- Policy Briefs
- Aug 10 2011
It always comes as a surprise to non-specialist observers that, despite the fact that India has 300 days of sunlighton average, solar power plays an almost insignificant role in the Indian energy mix.
It always comes as a surprise to non-specialist observes that, despite the fact that India has 300 days of sunlight average, solar power plays an almost insignificant role in the Indian energy mix. What they fail to see if the technological, financial, institutional and structural complexity that needs to be mastered to harness this seemingly simple and environmentally benign source of energy as the Jawaharlal Nehru National Solar Mission (JNNSM or NSM) launched by the Government of India in 2010 clearly demonstrates.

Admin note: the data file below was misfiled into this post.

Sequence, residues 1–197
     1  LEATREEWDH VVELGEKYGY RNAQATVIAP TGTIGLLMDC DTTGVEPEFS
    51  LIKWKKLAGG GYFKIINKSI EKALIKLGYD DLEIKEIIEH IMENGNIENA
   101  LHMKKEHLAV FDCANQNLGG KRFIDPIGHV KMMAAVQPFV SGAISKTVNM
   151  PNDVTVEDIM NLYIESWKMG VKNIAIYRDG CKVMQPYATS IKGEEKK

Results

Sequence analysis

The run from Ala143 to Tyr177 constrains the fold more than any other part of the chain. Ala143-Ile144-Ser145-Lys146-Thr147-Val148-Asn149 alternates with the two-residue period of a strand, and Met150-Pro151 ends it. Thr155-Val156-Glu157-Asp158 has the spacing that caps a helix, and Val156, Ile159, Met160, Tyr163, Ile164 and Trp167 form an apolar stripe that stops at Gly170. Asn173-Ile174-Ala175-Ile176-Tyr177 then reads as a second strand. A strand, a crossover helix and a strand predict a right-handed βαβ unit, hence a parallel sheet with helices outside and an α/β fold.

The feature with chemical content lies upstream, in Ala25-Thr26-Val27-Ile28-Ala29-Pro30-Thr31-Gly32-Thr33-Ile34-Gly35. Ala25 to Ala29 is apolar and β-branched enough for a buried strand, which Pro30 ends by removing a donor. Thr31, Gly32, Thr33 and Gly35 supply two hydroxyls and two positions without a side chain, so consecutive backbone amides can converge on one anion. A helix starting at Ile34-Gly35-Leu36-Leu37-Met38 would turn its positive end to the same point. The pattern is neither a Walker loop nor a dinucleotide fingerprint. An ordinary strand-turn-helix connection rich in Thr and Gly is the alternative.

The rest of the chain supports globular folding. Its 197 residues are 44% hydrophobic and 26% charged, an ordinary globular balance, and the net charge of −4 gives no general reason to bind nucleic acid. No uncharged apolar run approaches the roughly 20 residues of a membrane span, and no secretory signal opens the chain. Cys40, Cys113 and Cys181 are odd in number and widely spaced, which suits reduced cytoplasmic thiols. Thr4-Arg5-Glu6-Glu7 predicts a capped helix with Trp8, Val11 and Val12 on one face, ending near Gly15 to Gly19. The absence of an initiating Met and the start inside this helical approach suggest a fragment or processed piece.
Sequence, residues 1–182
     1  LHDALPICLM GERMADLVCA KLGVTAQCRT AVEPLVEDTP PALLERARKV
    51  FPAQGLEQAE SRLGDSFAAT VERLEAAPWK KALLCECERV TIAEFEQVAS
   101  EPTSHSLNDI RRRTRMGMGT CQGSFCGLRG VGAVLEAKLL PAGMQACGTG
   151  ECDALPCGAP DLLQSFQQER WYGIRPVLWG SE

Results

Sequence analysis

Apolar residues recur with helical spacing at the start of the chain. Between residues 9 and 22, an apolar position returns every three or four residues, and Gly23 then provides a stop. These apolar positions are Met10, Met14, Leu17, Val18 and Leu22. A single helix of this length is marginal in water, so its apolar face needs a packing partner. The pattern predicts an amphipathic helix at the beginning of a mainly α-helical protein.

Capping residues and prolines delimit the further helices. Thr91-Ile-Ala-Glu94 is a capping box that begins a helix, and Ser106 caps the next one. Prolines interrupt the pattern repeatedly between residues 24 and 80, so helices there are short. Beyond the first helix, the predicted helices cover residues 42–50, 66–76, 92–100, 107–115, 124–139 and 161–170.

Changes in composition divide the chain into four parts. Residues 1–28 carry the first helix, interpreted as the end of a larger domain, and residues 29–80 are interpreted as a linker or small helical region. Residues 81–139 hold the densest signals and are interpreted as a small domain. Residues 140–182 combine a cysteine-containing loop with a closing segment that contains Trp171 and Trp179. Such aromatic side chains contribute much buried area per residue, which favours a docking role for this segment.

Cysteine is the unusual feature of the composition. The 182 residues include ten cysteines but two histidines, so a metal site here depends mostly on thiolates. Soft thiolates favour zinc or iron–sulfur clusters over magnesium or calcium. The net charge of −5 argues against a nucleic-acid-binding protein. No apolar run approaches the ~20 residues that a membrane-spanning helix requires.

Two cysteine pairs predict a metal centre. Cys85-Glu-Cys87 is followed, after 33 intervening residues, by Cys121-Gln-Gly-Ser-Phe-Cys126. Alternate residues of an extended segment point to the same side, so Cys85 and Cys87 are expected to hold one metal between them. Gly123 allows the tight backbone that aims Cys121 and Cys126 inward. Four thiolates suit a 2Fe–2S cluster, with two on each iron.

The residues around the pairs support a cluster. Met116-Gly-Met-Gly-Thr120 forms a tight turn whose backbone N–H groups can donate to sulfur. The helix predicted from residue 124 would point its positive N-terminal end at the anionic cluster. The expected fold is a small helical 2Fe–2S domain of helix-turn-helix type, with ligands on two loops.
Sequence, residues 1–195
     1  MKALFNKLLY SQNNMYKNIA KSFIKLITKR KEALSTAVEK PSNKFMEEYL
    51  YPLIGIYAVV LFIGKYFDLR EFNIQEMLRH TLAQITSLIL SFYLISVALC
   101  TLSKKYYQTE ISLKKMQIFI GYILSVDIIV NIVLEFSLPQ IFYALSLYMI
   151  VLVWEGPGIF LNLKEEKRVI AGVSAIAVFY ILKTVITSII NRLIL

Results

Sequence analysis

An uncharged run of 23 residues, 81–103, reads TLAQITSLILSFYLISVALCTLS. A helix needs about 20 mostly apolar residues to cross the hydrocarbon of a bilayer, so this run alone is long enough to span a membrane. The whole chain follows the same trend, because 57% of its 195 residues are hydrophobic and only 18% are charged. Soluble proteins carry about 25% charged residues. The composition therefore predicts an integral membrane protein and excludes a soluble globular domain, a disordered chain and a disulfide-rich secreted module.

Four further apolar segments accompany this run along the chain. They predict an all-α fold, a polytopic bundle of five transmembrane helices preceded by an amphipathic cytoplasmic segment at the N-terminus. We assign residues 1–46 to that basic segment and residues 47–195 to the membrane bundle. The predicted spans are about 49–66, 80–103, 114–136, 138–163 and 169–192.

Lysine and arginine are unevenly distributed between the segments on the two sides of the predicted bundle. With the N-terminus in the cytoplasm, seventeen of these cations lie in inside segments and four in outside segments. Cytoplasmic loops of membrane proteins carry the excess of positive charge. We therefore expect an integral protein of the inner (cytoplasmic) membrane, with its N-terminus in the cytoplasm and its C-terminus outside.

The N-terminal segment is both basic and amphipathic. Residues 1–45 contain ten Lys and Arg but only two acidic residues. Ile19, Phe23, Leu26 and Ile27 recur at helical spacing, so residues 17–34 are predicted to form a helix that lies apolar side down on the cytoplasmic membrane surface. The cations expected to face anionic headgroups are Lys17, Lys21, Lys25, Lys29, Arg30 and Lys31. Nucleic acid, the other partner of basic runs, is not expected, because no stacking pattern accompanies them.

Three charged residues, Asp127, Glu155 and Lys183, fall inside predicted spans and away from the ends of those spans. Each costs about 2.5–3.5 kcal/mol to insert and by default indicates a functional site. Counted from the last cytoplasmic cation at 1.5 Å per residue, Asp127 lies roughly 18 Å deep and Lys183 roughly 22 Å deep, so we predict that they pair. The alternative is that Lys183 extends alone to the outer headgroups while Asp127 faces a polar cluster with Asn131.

At the industry level, the NSM has given the initial boost the industry requires but many key issues concerning data, technology and finance need to be addressed. At the broader strategic level, it is not clear what objectives India seeks to achieve in committing to invest a significant sum of its scarce resources in the solar sector. The NSM states that it aims to scale up deployment of solar energy keeping in mind the financial constraints and affordability challenge in a country where large numbers of people do not have access to basic power and are unable to pay for high cost solutions.
What remains missing in the statement are th strategic goals such as the development of a globally competitive solar manufacturing industry or the provision of decentralised energy services to the poor who cannot afford to pay for high cost energy. For the NSM to have a clear direction, these objectives must be clarified at this early stage of the mission.